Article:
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How fitting it is that the Exonerated Five, formerly the Central Park Five, get to watch the Manhattan justice system descend upon the MAGA movement’s main man.


Karma is a … well, you know the rest.

Does this text format look familiar to you? It should. It’s roughly the same format Donald Trump used in a 1989 newspaper ad calling for the return of the death penalty in the state of New York after five innocent Black and Latino teenagers were falsely accused of a vicious attack in New York’s Central Park. The teenagers — all of whom served hard prison time for a crime they didn’t commit — are men now and are known collectively as the Exonerated Five.

Trump has never apologized for this extremely public crusade, despite the fact that the actual attacker confessed. To the contrary, he has suggested the five are still “guilty.”

Oh, how fitting it is, then, that these men get to watch the Manhattan justice system descend upon the MAGA movement’s main man. When Yusef Salaam of the Exonerated Five refers to Trump’s New York indictment as “karma,” he’s speaking both personally and patriotically.

Trump arraignment: Follow our live blog beginning at 10 a.m. ET on Tuesday for the latest updates and analysis on Trump’s arrest in New York.

What has happened to our country over the past decade or so as Trump has poisoned our politics? His actions have led many people to feel the powerful are beyond reproach. Many New York families, in particular, have had a front-row seat to Trump’s troubling behavior for years — including allegations of housing discrimination and fraud, which were settled, and the documented tax evasion by the Trump Organization. (And that’s not to mention the long history of sexual assault allegations, which Trump has denied.)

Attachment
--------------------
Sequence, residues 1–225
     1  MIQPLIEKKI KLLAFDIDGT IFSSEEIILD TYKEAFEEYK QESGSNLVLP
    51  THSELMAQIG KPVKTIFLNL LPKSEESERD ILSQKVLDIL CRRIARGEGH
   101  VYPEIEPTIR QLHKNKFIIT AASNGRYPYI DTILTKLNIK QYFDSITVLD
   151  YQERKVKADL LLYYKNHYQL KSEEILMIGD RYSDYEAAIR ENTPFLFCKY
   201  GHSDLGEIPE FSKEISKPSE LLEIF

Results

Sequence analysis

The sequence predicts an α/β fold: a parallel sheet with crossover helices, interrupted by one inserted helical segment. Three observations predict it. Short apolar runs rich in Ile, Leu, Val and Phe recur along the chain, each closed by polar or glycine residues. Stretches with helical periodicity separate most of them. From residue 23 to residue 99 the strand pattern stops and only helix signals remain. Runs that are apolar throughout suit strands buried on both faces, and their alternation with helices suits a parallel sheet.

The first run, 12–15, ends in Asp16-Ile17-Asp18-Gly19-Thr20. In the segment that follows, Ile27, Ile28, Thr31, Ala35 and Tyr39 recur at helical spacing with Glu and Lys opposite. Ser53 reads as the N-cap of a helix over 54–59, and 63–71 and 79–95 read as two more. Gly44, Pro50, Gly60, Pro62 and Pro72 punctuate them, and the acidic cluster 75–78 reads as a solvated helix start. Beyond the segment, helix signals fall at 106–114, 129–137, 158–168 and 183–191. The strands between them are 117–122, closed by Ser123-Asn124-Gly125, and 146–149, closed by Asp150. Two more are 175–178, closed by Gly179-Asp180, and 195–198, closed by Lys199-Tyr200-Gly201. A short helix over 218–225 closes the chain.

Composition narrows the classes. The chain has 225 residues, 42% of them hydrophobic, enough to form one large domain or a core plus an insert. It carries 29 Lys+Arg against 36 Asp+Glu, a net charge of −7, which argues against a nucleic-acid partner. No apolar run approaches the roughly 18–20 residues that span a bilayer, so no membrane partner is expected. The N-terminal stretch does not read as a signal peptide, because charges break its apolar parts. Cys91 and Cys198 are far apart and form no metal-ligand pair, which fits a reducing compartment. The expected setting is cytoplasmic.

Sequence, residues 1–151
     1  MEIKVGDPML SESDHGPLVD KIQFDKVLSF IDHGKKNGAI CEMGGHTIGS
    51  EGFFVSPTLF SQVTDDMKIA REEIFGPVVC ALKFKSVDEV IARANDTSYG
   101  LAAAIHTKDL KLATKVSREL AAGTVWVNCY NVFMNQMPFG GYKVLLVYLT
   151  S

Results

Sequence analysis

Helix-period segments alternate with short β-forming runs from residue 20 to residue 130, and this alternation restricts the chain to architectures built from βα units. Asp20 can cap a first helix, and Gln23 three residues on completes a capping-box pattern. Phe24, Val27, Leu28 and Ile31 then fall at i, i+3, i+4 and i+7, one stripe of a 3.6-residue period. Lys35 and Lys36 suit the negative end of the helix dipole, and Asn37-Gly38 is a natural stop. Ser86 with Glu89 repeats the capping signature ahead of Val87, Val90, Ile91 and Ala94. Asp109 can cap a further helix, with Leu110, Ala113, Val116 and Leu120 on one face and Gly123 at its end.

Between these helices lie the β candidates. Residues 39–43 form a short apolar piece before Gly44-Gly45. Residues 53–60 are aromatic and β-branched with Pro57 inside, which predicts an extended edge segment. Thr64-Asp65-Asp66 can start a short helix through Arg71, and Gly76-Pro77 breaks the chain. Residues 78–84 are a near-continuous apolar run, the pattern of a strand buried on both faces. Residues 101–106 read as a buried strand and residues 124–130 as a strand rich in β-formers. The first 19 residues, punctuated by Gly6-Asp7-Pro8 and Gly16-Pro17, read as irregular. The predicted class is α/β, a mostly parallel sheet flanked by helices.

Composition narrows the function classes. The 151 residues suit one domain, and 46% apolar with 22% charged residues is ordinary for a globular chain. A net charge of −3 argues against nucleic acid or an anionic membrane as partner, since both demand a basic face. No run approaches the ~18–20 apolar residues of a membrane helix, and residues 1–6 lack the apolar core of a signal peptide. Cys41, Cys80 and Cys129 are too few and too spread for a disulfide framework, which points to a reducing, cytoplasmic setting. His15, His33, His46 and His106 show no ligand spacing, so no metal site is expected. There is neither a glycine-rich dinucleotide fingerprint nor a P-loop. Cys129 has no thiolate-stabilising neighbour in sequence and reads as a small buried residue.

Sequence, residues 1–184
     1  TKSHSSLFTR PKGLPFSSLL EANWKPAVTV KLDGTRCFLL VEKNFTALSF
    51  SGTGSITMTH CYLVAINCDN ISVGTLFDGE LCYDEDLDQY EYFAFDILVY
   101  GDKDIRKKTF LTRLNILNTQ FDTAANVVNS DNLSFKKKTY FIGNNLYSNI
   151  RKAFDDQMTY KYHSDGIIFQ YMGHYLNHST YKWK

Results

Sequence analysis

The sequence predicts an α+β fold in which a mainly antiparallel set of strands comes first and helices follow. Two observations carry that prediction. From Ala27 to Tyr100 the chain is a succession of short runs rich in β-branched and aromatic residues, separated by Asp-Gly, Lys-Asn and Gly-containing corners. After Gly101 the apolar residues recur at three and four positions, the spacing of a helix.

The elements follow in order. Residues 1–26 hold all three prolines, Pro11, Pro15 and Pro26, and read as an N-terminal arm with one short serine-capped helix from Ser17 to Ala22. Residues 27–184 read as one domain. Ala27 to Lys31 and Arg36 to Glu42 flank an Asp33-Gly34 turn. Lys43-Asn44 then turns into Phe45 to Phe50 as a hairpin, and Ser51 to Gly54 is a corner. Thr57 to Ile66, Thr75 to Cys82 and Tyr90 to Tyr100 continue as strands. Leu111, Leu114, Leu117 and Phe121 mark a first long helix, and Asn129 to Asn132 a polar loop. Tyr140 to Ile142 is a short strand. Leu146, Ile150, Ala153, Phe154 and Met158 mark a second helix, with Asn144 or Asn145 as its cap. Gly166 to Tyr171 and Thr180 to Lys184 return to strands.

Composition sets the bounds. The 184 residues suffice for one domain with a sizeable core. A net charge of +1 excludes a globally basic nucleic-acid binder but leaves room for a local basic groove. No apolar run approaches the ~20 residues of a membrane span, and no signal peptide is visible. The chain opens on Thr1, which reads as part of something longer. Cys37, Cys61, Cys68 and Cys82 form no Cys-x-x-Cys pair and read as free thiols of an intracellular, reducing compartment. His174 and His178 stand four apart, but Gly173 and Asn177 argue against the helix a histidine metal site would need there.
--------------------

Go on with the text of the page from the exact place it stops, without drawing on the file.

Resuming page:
Neither New Yorkers nor the rest of the nation should have to deal with the consequences of a wannabe authoritarian unencumbered by laws the rest of us must follow.

No matter what Trump’s groveling supporters say, a grand jury’s decision to bring charges does not amount to a grave injustice. In fact, this is the process of criminal justice working as intended. If Trump were subjected to the same type of treatment he has sought for other criminal suspects, police officers would bump his head against the squad car before hauling him to court. 

There are some who tell us a Trump indictment is a somber moment, unworthy of celebration. I do not think so. Can you hear my Champagne bottles popping? I want any serial abuser of the law held to account. And I want the legal system, which often protects such people so long as they’re rich and powerful, to do it. How can our great society tolerate Trump’s apparent brutalization of the rule of law? How could one expect our society to survive it?

In Trump’s 1989 ad, he claimed that criminals “must be told that their CIVIL LIBERTIES END WHEN AN ATTACK ON OUR SAFETY BEGINS!”

Well, I stand with the millions of others who won’t feel safe if our criminal justice system involves carve-outs for former presidents to circumvent the law.